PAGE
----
By early summer, the knock-on effects of the Writers Guild strike, along with a contraction of animation work from the height of the pandemic (when live action wasn’t possible), were being felt. In July a much larger and more visible union, SAG–AFTRA—which represents roughly 160,000 actors, dancers, singers, announcers, and other media workers—started its own strike against the Alliance of Motion Picture and Television Producers. Hotel workers in Hollywood went on strike, too. Animation and the rest of show business slowed down, but union business kept going. The Writers Guild’s animation caucus held a cartoon-themed picket in Manhattan and announced plans to unionize animation writers, especially on children’s shows on the East Coast. Workers in visual effects, a long-neglected craft adjacent to animation, have filed for elections to unionize at both Disney and Marvel Studios. IATSE also designated the Animation Guild as a national local, giving it a mandate to unionize animation workers across the US.
Sam Tung, an Animation Guild member and storyboard artist in Southern California, told me that, despite IATSE’s history, “the Animation Guild is a very active union, maybe because it skews young. It’s more socialist and union-minded.” He cited its encouragement of young leaders: he is part of a new task force that’s tracking the spread of artificial intelligence in the industry. The Animation Guild has expanded beyond its usual jurisdiction of greater Los Angeles to organize shops in Austin (Powerhouse Animation), Puerto Rico (Gladius), and New York (Titmouse, Stephen Colbert Presents Tooning Out the News). At Disney and other studios, it has started to unionize new groups of workers in low-paid jobs such as animation production, IT, and reception.
Earlier this year, Disney—whose CEO, Bob Iger, is paid $31 million per year—contested the right of certain animation-production workers to organize, calling them “supervisors,” which the National Labor Relations Board is now adjudicating. And Disney has yet to start negotiating with more than a hundred office workers—on The Simpsons, Family Guy, and American Dad!—who formed a union last year. To Kaplan, of the Animation Guild, history seemed to be on loop. Once again, he told me, “We are in a bitter fight with Disney.”
For a helpful account of women and minority men in early animation, see Tom Sito, Drawing the Line: The Untold Story of the Animation Unions from Bosko to Bart Simpson (University Press of Kentucky, 2006). ↩
Tom Sito describes Babbitt as a determined but clumsy strategist: during the strike, he heard that leaders of the Congress of Industrial Organization (CIO) were going to be meeting in Burbank, “so he went to plead for help. Art was so politically naïve he did not know that his guild was an AF of L affiliate and that the AF of L and the CIO at that time were bitter rivals. Babbitt found out his mistake as he was invited up to speak, but, rather than back away, he went right at it. ‘I suppose you’re CIO and I’m AF of L. I don’t know what those damned initials mean. All I know is I’m pro-union and my people are on strike and need your help.’” ↩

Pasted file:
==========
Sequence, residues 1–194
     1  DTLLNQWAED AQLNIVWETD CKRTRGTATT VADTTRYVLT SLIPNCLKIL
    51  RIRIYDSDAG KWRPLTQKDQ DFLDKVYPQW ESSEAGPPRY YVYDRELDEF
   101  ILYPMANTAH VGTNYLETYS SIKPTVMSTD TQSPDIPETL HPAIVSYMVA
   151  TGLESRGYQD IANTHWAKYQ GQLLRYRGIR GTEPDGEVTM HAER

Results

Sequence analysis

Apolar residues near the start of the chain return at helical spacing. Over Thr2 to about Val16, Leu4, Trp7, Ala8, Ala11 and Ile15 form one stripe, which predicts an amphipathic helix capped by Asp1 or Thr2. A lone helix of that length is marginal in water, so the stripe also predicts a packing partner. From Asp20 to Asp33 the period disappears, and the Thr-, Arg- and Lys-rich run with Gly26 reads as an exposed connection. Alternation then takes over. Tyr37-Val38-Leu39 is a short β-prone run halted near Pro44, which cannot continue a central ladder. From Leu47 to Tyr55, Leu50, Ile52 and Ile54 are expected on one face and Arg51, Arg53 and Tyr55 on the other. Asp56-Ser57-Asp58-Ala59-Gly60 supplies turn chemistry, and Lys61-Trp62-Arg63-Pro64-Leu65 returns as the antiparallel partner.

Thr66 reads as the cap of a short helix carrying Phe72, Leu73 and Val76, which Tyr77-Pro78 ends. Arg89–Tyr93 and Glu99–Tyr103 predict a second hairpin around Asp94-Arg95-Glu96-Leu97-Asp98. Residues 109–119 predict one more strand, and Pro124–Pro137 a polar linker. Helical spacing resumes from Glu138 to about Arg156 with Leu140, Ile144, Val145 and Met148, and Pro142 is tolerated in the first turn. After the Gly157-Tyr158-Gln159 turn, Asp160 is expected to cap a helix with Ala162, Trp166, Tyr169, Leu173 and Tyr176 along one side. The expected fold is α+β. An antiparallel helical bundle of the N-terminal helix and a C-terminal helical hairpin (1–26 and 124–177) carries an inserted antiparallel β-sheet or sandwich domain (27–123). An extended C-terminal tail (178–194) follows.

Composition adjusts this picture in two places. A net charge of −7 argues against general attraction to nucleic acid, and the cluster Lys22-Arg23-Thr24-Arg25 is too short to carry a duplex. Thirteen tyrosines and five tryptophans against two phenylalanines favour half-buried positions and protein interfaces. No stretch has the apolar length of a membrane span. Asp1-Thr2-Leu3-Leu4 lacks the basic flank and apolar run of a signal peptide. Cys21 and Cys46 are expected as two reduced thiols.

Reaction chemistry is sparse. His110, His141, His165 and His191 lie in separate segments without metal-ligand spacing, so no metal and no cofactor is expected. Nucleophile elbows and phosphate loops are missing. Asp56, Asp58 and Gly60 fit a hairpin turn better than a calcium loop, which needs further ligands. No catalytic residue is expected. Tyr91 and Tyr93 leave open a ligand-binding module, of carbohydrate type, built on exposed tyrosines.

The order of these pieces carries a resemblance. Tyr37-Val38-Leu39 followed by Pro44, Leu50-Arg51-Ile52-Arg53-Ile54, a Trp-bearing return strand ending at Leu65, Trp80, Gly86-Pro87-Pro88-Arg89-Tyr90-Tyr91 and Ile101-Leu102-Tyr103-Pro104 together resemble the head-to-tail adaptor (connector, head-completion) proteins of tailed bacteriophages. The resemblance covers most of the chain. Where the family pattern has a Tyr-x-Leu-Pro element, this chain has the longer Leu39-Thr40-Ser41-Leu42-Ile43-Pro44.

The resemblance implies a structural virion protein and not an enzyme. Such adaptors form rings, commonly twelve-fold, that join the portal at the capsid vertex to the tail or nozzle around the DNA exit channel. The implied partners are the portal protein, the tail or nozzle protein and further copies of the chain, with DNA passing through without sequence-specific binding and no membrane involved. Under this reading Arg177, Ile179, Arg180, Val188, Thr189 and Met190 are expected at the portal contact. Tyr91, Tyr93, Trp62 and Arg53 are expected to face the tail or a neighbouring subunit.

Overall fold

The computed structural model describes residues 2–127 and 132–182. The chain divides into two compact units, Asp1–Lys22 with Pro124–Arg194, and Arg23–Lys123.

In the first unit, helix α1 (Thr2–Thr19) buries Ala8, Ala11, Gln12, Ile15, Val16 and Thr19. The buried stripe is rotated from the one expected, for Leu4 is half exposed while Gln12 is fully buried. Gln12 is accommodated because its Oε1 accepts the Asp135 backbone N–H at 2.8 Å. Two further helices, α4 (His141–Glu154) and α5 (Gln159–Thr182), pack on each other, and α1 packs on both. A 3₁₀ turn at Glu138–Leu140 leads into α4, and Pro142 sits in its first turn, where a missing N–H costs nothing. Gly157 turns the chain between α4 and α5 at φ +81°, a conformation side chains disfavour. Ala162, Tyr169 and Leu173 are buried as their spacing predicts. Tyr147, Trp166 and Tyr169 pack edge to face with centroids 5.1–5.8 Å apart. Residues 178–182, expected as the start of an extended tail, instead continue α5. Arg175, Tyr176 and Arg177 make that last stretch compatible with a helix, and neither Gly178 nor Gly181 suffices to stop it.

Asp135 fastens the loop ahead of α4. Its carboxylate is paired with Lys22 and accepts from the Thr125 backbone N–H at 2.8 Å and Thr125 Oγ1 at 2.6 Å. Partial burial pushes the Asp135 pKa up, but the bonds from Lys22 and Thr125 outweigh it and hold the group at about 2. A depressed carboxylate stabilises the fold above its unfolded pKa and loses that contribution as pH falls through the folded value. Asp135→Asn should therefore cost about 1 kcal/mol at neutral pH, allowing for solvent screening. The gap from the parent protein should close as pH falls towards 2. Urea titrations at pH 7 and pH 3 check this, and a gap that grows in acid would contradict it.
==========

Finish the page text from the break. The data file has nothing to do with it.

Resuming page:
In Class Struggle in Hollywood, 1930–1950: Moguls, Mobsters, Stars, Reds, and Trade Unionists (University of Texas Press, 2001), Gerald Horne notes that Disney visited with Mussolini in Italy and entertained Leni Riefenstahl on her tour of the United States. ↩
John Hubley, another legendary animator who left Disney for UPA after the strike, described his dual pursuit of an updated visual language (more “Picasso, Dufy, Matisse…than a Disney eighteenth-century watercolor”) and opportunity for social critique (“a comment on the times and problems of the people”). For more, see Michael Denning, The Cultural Front: The Laboring of American Culture in the Twentieth Century (Verso, 1997). ↩
Gerald Horne documents how anticommunism dovetailed with union busting, antisemitism, and the mafia-backed operations of IATSE to shred democratic organizing in Hollywood. ↩
In the introductory sequence to a Simpsons episode from 2010, the street artist Banksy depicts the outsourced animation studio as a dung-colored subterranean sweatshop. One South Korean artist called the sequence “degrading” and pointed out that his weekly work for the show took place in a high-tech building in Seoul. ↩